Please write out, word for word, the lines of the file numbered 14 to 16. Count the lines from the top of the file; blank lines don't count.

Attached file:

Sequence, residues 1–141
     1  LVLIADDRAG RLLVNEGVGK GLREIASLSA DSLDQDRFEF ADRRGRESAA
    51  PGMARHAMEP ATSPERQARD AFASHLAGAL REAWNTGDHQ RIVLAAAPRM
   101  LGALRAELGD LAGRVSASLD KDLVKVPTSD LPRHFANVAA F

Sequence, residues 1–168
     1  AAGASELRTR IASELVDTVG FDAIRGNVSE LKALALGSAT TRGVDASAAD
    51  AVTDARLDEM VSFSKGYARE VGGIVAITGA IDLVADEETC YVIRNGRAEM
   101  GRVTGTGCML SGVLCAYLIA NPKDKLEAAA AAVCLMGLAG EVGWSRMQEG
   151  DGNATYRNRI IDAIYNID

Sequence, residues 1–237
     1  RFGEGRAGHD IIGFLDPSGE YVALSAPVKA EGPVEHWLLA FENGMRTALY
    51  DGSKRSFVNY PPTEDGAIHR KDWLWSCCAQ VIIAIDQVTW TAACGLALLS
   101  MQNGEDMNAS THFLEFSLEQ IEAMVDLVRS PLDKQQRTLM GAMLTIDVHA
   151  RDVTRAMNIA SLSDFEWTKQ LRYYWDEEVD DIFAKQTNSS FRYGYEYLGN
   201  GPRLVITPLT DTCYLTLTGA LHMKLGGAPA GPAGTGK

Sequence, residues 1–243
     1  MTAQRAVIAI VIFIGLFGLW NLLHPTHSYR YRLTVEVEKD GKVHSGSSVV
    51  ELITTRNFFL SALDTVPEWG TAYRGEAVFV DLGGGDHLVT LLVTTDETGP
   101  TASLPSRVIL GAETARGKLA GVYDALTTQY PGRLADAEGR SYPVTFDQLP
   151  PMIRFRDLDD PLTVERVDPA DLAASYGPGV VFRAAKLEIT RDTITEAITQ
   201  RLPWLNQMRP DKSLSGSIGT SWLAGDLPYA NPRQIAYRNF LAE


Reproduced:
   151  RDVTRAMNIA SLSDFEWTKQ LRYYWDEEVD DIFAKQTNSS FRYGYEYLGN
   201  GPRLVITPLT DTCYLTLTGA LHMKLGGAPA GPAGTGK

Sequence, residues 1–243